In April 2023, De La Rue issued another profit warning, lamenting the low demand for banknotes generally. “The demand for banknotes has been at the lowest levels for over 20 years, resulting in a low order book going into” the 2024 fiscal year, it said in a filing to the London Sbanknotestock Exchange. The firm followed this up by adjusting its operating profit outlook for the 2024 fiscal year to nearly £20 million ($25 million), half of its previous unadjusted estimates of £40.1 million ($50 million), according to Refinitv data published in Insider

“The challenge at the moment is that there simply isn’t quite the demand there to be where we want to be, which is disappointing,” Vacher told Reuters. The company has however noted a more positive outlook for its authentication business, which is expected to exceed £100 million ($125 million) for the first time in the coming fiscal year. 

Allegations and a desperate offer

In addition to these tumultuous events, the firm found itself ensnared in a criminal investigation involving India’s former finance secretary, Arvind Mayaram. The Central Bank of India accused Mayaram of illegally granting a three-year contract to De La Rue in 2013 for supplying exclusive security thread for Indian bank notes.

The situation compelled De La Rue to release a statement to the London Stock Exchange denying any involvement with the Indian government or its central bank since 2016. “The company believes that there is no merit to the allegations that relate to De La Rue, and is seeking legal advice in this regard,” the statement said.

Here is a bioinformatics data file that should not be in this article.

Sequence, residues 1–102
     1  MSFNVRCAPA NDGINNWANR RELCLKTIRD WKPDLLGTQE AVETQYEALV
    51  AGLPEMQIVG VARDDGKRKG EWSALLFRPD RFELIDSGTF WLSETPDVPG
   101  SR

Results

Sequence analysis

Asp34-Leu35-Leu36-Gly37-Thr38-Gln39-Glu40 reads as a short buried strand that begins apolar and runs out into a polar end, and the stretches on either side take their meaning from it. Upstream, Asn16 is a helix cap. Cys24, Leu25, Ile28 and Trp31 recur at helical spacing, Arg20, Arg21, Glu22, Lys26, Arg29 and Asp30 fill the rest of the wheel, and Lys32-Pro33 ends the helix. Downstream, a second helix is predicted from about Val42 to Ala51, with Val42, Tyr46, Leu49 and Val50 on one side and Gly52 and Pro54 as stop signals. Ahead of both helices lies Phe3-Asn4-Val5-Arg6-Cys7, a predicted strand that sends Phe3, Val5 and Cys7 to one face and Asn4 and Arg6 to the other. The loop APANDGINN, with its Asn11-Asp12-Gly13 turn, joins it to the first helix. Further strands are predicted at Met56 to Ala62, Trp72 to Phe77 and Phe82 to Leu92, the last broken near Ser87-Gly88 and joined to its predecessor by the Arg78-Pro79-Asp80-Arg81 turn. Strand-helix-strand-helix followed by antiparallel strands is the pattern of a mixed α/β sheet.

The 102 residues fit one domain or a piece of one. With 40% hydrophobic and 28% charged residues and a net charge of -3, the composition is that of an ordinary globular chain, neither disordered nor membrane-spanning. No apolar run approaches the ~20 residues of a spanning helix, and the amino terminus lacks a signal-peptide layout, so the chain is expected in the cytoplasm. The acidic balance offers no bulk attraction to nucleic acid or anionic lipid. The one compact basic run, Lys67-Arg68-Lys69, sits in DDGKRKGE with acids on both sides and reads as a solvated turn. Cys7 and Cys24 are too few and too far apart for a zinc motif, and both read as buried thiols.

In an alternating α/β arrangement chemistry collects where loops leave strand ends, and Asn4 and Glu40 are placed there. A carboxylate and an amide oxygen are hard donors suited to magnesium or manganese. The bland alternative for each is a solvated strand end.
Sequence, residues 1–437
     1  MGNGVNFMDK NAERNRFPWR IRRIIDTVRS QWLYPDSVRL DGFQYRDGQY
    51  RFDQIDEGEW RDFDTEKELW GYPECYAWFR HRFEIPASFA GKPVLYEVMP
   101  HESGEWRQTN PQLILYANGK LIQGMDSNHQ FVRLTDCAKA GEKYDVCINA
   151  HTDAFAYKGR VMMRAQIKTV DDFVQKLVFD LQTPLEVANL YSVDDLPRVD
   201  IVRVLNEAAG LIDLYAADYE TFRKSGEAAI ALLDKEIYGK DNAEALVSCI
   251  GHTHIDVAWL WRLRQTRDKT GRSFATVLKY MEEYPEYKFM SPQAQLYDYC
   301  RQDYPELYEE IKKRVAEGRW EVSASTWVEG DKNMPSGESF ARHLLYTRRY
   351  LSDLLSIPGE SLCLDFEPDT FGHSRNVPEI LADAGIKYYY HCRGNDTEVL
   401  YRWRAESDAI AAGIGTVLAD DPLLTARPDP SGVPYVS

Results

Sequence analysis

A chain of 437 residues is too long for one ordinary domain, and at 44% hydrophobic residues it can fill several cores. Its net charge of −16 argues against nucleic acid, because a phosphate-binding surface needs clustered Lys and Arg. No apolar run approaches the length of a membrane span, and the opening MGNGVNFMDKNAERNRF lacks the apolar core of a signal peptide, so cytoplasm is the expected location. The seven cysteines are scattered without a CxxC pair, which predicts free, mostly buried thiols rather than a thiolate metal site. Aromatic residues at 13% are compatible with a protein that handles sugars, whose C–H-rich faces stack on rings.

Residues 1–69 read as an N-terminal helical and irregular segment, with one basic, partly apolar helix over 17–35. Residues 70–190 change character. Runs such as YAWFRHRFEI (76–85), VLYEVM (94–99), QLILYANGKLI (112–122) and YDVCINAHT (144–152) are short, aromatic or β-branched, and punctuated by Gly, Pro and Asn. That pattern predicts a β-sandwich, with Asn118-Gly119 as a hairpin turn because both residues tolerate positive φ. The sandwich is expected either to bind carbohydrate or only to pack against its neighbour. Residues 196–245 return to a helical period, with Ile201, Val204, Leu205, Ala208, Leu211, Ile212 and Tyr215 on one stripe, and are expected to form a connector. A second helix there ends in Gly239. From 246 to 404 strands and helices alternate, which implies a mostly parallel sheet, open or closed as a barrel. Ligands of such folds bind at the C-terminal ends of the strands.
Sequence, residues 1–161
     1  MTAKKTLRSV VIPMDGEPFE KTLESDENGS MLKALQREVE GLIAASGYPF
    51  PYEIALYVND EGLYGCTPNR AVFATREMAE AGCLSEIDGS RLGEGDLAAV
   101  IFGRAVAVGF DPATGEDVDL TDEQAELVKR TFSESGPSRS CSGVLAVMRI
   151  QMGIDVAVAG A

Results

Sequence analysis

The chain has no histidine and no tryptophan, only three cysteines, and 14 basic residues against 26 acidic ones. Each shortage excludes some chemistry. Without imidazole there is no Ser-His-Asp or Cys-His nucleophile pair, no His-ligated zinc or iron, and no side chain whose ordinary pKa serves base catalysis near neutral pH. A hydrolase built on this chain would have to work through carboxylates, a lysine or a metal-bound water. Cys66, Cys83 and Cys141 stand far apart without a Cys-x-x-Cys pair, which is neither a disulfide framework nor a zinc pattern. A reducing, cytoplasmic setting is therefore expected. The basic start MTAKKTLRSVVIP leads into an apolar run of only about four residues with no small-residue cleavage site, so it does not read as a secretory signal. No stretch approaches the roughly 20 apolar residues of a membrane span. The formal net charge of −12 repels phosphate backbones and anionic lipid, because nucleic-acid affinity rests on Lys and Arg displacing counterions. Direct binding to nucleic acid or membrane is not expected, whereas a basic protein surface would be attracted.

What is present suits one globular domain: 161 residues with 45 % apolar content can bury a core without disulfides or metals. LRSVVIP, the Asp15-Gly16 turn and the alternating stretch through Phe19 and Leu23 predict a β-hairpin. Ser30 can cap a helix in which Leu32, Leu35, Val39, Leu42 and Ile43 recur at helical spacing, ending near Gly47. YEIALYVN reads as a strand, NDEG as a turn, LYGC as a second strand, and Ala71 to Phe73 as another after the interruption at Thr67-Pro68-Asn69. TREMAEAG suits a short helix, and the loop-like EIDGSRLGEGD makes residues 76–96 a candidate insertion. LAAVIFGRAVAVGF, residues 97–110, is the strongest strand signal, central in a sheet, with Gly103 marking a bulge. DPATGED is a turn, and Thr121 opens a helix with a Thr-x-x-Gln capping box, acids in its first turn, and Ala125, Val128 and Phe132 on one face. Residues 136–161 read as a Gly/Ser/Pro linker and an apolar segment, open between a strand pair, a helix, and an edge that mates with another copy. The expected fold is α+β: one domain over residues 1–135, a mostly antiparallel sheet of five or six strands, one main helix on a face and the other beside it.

The same month, the firm announced that it was also suspending printing in Kenya due to reduced global demand for banknotes and the ongoing investigation involving Mayaram. 

The firm stated: “Importantly, the joint venture between De La Rue and the government of Kenya remains active, and the company continues to explore further business opportunities, both in Kenya and for export from Kenya, with a view to restarting production if the economic climate permit.” 

Furthermore, De La Rue’s answer to the Bank of Tanzania’s 822 billion-shilling ($328 million) tender in late April proves that the company has definitely lost its mind in a desperate search to recover its profitability. The financial offer from De La Rue for each denomination banknote appears to be 2 to 3 times the price offered by serious contenders like Germany’s Giesecke+Devrient or the USA’s Crane Currency.

This chaotic behavior is akin to a headless chicken running around. A surprising position, given that De La Rue fought hard on the legal front to ensure that its offer was not excluded from the pre-selection process. It won the legal battle, but the result is a commercial proposal that seems completely out of step with the competition and with reality. 

It remains to be seen if the firm can recover and alleviate the concerns of its shareholders. Retaining client confidence in this niche sector is crucial if banknote printing firms are to maintain long-term success. De La Rue, as it tackles crisis after crisis and continues to lose contracts and value, is facing a crisis of confidence. A real restart may be required if the firm is to survive.

[Naveed Ahsan edited this piece.]

The views expressed in this article are the author’s own and do not necessarily reflect Fair Observer’s editorial policy.